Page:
For the third year running, members of Vancouver's Four on the Floor String Quartet
have stepped into the spolight for a show called String Fling. The event sees the quartet -- who have backed up about 87% of all Vancouver bands -- front & centre for the night, to be joined by various local musicians to fuse indie rock with classical strings. Previous years have been at the Rio Theatre, but this year they took over the Biltmore Cabaret for two nights of stringy goodness.
The members of the quartet for the night were Michelle Faehrmann on cello, Elliott Vaughan on viola, and violinists Stephanie Chatman & Emily Bach, and they were occasionally joined by Sean Bayntun on piano. Each musician joining them had a quick set of a couple songs, with the quartet playing their own pieces between each set, usually of songs written by members.
After the quartet started the show, the first performer to join them was frequent collaborator, Dominique Fricot
. He took stage with his acoustic guitar and a few heartfelt songs, the strings giving them added emotional weight, especially on "Strange Lady". He also got the crowd participating in a stomp-stomp-clap
along to "Those Eyes", before proceeding to act as emcee the entire night, wine glass in hand.
was also no stranger to the quartet, being a rotating member herself. Normally a looper, she eschewed her pedal for the first show in a long while, as she had actual humans backing her this time. Her soft and beautiful voice lilted over the strings, and I really liked her second song, a brand new, heavy hitting song, which included Daniel Ruiz on drums (the first of his frequent appearances throughout the night).
The tone shifted a little as Dustin Bentall
got up with a bit more of a rockin' sound. As much as the softer songs fit with the string quartet, I always like how seeing things a bit rougher sound. Which was pretty darn good in this case. His first song, "I Have Not Been Sleeping" was just him with the strings, but they were joined by Ruiz on drums again and Ryan Guldemond out on backing vocals for the title track to his latest album You Are An Island
Wrapping up the first half of the evening was legendary bluesman Jim Byrnes
, just putting on a clinic. He dazzled the crowd from his stool with one of his own songs, which he joked was one of the oldest of the night, and then a cover of what was definitely the oldest of the night, "Saint Louis Blues", originally recorded in 1914 by WC Handy. It would have been hard for anyone to directly follow that, so they took a brief intermission at that point.
After the intermission the quartet was accompanied by an interpretive dancer for their song, before it was time for Mother Mother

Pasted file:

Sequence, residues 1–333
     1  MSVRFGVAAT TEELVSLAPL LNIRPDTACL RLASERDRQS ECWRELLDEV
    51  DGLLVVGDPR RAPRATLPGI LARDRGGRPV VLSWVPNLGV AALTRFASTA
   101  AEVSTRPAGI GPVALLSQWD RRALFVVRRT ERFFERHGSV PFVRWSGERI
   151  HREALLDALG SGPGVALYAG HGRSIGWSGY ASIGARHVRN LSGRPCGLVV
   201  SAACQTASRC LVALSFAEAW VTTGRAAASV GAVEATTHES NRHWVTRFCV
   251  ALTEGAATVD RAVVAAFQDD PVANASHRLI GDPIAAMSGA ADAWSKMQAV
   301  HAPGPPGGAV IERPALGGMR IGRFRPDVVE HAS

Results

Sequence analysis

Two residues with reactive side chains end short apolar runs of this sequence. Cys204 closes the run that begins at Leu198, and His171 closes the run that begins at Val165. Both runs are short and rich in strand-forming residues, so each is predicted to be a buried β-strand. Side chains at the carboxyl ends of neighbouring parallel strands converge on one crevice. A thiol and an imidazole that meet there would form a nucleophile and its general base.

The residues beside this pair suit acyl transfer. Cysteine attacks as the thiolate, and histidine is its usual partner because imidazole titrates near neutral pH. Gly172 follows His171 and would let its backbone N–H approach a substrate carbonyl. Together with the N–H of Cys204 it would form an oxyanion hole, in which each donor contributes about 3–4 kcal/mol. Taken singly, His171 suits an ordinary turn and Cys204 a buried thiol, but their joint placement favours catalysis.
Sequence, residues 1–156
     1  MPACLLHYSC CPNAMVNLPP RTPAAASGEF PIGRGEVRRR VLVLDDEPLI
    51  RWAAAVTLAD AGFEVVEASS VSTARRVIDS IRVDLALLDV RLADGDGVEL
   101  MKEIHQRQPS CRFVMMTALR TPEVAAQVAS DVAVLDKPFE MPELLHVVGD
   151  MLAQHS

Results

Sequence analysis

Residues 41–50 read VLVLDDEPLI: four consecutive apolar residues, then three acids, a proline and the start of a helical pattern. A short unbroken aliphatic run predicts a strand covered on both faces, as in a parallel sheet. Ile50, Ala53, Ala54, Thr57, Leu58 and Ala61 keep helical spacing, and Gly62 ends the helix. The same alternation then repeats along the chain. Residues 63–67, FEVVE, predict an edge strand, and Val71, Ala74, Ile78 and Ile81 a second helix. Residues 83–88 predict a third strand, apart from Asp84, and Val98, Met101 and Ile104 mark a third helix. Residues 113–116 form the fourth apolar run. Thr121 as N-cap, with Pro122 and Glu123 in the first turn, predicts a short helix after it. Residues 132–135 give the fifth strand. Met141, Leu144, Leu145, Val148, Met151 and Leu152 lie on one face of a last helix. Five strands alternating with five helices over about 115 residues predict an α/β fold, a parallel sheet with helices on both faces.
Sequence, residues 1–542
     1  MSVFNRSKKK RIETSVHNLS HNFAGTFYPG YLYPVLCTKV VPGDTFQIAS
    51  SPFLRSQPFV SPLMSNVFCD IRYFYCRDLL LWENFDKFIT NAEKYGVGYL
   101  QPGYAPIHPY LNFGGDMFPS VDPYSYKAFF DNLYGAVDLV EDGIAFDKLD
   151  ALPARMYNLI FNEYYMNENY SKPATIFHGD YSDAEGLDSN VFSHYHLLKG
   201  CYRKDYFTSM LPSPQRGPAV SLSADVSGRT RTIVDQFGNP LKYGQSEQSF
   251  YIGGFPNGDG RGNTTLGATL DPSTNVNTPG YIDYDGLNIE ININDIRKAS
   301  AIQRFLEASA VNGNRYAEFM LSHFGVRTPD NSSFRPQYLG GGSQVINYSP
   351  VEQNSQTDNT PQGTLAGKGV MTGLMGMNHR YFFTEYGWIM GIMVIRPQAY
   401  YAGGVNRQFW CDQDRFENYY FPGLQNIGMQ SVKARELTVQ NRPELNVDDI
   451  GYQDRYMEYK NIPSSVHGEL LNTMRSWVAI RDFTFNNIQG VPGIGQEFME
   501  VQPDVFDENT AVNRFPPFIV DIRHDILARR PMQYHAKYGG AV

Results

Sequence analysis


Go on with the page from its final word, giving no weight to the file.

Member Ryan Guldemond
. In true Ryan fashion, he challenged the audience with a song about death and attending your own funeral (or not) in his first song "End of Me" and seemed genuinely humbled and honoured to be playing with the quartet, asking them questions and even engaging Elliott in a slight guitar/viola duel at the end of a song.
There was a few repeat acts from previous years, and the next performer Tonye Aganaba
was one of them. With her guitar in hand, she jokingly assured the crowd that it was in fact working, after a bit of a technical glitch from last year. Her incredible, soulful voice filling the room for one of her own songs, as well as a powerful cover of Thom Yorke's "Black Swan".
And finally, Bend Sinister
's Dan Moxon
was the last to play. Taking a seat behind the piano, he played a couple of the band's slower ballady songs, ending with "Careless", but first playing an absolutely gorgeous rendition of "Don't Let Us Bring You Down" -- which may have ruined the song for me, since now I only ever want to hear it with strings.
But that wasn't quite the end, as the quartet was drawn back on stage for one last song, as they were once more joined by Dom Fricot, for a fun cover of INXS' "Never Tear Us Apart".
The only downside this year was the venue. I feel The Rio was a much better place for this kind of show, as while the Biltmore was seated, it was still more of a "club" venue than a "soft seater", and from where I was sitting I could hear incessant talking and chatter all throughout the night. It detracted a little from the show, especially when the quartet was playing beautiful instrumentals.
But that is hardly the musicians' fault, and aside from that it was a great night. String Fling has continually been one of the most unique events in Vancouver, giving these amazingly talented string players, who are usually backing up other bands or off in the wings, the chance to take centre stage and shine.